Failure to comply with these regulations can be costly. Penalties include fines and placing drivers out of service. And there are penalties for organizations that encourage drivers to exceed the federally mandated HOS rules. Learn more about HOS and compliance solutions.
IFTA – International Fuel Tax Agreement
IFTA simplifies how truckers and trucking companies pay their fuel taxes. In the past, paying fuel taxes was a time-consuming affair that required truckers to stop at a port of entry to buy a permit.
IFTA revenue helps maintain roadways. Visit our “What is IFTA?” page to learn more about how this tax agreement works.
LTL – Less Than Truckload (or Less Than Load)
Transportation service of relatively small freight. Typically weighing between 151 and 20,000 lb. LTL offers a lower cost to shippers but increased transit time.
MCC – Motor Coach Carrier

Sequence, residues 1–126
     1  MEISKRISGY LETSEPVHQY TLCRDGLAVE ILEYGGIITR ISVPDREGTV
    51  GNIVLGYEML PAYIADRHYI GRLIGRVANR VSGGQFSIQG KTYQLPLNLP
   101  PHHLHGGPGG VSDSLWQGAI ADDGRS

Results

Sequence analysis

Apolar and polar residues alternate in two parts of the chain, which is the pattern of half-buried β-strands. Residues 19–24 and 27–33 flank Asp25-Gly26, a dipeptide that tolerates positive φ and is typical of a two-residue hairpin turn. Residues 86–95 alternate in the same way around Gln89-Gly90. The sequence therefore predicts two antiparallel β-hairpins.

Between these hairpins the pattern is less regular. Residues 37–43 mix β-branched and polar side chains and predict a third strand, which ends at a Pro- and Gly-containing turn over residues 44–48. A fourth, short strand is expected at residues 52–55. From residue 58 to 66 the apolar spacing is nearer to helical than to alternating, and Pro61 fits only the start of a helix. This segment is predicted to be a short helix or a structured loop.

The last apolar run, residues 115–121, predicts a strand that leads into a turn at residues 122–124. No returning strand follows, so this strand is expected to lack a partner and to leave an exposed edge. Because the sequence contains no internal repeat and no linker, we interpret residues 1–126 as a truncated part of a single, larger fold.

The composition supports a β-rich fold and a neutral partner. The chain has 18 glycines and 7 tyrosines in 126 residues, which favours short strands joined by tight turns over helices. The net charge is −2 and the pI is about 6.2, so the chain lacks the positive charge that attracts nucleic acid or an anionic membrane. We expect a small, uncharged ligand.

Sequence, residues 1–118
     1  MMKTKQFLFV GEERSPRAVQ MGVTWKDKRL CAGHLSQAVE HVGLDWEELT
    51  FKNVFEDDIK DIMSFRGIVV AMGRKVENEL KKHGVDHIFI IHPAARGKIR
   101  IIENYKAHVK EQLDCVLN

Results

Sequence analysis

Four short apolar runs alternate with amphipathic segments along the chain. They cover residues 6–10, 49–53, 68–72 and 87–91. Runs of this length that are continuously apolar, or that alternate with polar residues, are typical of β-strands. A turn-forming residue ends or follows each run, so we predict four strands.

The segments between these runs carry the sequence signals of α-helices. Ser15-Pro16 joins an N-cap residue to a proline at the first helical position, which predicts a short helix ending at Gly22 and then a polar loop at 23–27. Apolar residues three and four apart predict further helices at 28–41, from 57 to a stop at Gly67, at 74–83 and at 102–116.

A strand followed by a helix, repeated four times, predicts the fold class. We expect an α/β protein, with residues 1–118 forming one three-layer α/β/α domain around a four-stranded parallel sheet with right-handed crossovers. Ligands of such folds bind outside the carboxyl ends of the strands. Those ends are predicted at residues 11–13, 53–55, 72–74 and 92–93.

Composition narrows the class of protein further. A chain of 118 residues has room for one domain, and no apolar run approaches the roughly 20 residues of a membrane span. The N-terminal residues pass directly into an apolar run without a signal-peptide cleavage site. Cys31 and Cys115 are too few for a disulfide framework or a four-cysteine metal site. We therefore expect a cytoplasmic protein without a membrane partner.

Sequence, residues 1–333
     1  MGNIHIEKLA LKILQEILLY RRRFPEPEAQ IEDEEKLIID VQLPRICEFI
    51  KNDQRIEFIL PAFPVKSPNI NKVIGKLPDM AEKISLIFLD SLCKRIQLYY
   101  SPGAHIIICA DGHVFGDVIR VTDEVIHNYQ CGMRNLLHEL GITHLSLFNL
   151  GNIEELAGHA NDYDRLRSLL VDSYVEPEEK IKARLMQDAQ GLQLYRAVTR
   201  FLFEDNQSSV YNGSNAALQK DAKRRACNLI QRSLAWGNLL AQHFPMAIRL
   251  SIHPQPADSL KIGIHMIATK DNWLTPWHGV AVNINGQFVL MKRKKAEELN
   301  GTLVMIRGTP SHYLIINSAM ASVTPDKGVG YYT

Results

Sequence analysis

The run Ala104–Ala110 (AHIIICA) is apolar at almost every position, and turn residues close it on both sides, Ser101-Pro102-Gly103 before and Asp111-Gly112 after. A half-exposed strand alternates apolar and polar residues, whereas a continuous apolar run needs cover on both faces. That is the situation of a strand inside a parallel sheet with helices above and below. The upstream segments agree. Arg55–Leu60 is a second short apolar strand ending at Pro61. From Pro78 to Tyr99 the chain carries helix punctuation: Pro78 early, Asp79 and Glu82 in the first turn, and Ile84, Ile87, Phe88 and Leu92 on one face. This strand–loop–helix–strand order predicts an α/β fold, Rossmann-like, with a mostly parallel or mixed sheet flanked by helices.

A company that operates motor coaches.
RODS – Record of Duty Status
The collection of data for a predefined set of statuses that describe the current state of a driver. Location data is appended to each record when the status changes.
The following are the driver statuses collected:
- “Off duty” or “OFF.”
- “Sleeper berth” or “SB” (only if a sleeper berth used).
- “Driving” or “D.”
- “On-duty not driving” or “ON.”
Telematics is the long-distance transmission of computerized information. It has evolved over the years and narrowly associates with GPS tracking or fleet management.
The system is based on devices installed inside vehicles. The devices use cellular networks to transmit data back to servers either hosted by the provider or by a third-party cloud server. Then, the data stored in the cloud makes the information accessible from any device with an Internet connection.
Learn more about how telematics is used to manage commercial vehicles.